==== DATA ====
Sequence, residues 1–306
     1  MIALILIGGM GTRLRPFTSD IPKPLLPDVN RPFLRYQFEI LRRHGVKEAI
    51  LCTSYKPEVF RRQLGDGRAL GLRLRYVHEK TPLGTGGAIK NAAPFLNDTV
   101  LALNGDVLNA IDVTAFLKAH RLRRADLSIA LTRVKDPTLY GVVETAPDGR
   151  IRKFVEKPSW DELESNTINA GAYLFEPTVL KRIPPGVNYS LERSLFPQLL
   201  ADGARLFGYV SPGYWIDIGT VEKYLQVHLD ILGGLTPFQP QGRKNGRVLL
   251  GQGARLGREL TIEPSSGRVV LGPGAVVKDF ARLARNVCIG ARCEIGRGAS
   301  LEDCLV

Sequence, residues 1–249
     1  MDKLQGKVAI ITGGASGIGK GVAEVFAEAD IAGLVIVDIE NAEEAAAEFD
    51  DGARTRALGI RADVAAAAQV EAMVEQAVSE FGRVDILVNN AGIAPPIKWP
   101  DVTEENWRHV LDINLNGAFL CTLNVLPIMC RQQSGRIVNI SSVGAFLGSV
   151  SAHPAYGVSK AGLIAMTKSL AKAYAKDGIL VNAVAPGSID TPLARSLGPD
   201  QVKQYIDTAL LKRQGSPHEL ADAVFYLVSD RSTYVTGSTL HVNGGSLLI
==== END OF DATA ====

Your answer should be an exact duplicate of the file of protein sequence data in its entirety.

Sequence, residues 1–306
     1  MIALILIGGM GTRLRPFTSD IPKPLLPDVN RPFLRYQFEI LRRHGVKEAI
    51  LCTSYKPEVF RRQLGDGRAL GLRLRYVHEK TPLGTGGAIK NAAPFLNDTV
   101  LALNGDVLNA IDVTAFLKAH RLRRADLSIA LTRVKDPTLY GVVETAPDGR
   151  IRKFVEKPSW DELESNTINA GAYLFEPTVL KRIPPGVNYS LERSLFPQLL
   201  ADGARLFGYV SPGYWIDIGT VEKYLQVHLD ILGGLTPFQP QGRKNGRVLL
   251  GQGARLGREL TIEPSSGRVV LGPGAVVKDF ARLARNVCIG ARCEIGRGAS
   301  LEDCLV

Sequence, residues 1–249
     1  MDKLQGKVAI ITGGASGIGK GVAEVFAEAD IAGLVIVDIE NAEEAAAEFD
    51  DGARTRALGI RADVAAAAQV EAMVEQAVSE FGRVDILVNN AGIAPPIKWP
   101  DVTEENWRHV LDINLNGAFL CTLNVLPIMC RQQSGRIVNI SSVGAFLGSV
   151  SAHPAYGVSK AGLIAMTKSL AKAYAKDGIL VNAVAPGSID TPLARSLGPD
   201  QVKQYIDTAL LKRQGSPHEL ADAVFYLVSD RSTYVTGSTL HVNGGSLLI